Friday, February 23, 2007

One Percent

Are you ready to have your heart broken? If not then don’t read this post. But our nation needs to pay more attention to this, needs to weep.

I watched an episode of Criminal Minds the other night. It centered on an Army veteran who was changing a tire on the freeway when a building nearby was demolished and the explosion and ground shock sent him into reliving his traumatic experience as a soldier in Somalia. In the course of the episode his wife told police that since his return from that war he had been afraid of loud noises, had been unable to bear the smell of anything burning, like a barbecue or fall leaves, that he had been moody and distant. "Please help him," she pleaded, "I lost him fifteen years ago." At the end of the episode, in a tragic mistake, he was shot to death by law enforcement.

That was fiction, but there are too many of our veterans and their families in similar straights who are not fictional at all. Too many of our soldiers return from the battlefield needing help that they do not receive. Too many of our families need help while their soldiers are at war and do not receive it.

You may need a subscription to read the New York Times piece about the stress on families here.

"And unlike the Vietnam era, when the draft meant that many people were directly touched by the conflict, this period finds military families feeling a keen sense of isolation from the rest of society. Not many Americans have a direct connection to the war or the military. Only 1.4 million people, or less than 1 percent of the American population, serve in the active-duty military."

Less than one percent. And their families isolated.

A soldier's wife, crying in the shower every day so that her children will not know how lonely and afraid she is.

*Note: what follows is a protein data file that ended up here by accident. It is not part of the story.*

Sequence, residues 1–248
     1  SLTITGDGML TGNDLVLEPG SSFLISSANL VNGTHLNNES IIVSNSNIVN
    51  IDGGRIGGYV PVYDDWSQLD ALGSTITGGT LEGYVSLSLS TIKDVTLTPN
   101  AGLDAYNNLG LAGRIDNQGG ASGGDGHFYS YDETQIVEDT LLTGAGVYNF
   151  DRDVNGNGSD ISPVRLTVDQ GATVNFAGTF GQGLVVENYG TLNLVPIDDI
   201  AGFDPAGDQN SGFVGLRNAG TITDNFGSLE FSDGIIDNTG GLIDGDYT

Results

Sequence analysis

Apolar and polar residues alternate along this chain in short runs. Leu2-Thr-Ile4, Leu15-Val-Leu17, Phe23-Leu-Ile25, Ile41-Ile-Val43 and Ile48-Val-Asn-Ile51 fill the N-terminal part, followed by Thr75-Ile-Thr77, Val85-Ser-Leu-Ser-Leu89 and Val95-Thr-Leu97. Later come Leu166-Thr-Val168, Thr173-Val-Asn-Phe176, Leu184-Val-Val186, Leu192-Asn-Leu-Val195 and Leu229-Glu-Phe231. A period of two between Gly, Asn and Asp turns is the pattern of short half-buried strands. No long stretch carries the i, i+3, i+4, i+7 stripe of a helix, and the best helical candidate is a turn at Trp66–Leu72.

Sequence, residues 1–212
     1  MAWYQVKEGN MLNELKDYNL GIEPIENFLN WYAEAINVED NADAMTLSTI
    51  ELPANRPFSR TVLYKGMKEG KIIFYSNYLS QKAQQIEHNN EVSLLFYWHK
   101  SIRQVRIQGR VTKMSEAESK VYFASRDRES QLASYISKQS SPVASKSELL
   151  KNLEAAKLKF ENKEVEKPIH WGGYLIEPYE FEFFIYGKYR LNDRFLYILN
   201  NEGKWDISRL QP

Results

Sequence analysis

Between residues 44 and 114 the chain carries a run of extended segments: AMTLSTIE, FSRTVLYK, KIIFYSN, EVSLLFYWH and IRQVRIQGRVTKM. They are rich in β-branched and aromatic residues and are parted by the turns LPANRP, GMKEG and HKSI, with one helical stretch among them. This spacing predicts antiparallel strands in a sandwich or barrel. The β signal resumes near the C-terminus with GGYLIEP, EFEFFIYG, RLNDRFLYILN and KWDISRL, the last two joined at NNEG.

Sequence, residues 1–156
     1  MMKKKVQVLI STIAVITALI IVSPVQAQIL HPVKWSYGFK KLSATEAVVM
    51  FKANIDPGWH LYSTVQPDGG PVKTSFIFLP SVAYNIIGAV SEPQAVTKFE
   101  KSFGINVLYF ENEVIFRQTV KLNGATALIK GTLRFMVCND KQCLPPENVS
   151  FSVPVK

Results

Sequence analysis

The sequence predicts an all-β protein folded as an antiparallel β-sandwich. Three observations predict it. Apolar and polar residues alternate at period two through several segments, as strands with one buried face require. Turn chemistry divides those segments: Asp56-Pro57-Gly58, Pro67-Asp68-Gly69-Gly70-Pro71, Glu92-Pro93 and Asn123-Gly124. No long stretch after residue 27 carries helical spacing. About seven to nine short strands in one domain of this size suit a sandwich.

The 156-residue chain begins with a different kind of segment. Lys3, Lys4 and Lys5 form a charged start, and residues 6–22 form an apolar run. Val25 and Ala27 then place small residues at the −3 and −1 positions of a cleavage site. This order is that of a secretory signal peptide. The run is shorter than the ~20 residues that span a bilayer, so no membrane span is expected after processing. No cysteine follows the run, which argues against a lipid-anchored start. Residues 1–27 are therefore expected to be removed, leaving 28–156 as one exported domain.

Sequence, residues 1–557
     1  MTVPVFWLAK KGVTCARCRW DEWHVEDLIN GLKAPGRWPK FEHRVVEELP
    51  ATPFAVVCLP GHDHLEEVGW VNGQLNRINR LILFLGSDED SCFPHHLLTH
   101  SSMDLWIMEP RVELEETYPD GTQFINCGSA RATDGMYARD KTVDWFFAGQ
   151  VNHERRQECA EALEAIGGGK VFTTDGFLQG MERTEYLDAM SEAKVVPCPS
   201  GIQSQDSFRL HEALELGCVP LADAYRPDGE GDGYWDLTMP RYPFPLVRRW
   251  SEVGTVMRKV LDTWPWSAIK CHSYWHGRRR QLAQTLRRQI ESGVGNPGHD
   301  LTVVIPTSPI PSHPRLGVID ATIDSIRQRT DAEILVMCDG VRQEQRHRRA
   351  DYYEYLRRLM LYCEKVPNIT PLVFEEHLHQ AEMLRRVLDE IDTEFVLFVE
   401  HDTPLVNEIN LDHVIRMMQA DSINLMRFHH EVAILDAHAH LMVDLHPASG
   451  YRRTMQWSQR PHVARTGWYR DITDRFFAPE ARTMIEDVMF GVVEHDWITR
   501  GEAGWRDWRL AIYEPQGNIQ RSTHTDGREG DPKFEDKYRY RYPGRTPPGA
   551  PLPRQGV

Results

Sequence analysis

Children misbehaving in schools that do not understand the stress a child experiences with a parent at war because so few children in that school are in that terrible situation.

Parents, fearful for their children in harm’s way. Being strong for their grandchildren’s sake.

Reservists who signed up for a single one-year tour, having their second tour extended to sixteen months and facing the prospect of a third.

Soldiers who return from the battlefield missing limbs and who live in moldy, pest infested quarters for months while rehabilitating. "Standing quarters" at seven in the morning for no reason other than some non-combatant officer’s misbegotten sense of military discipline. Being tended by their family members because there is no staff on hand to do so.

Soldiers who have threatened suicide who are handed a weapon and returned to the battlefield, and who then carry out their threat and turn that weapon on themselves.

Others who go through life afraid of loud noises, moody and distant from those who love them, unable to ask for the help they need and never offered that help by those in authority who should care.

It is more than a national disgrace, it is a national crime, perpetrated by our leadership.

Weep, America, and then demand change.

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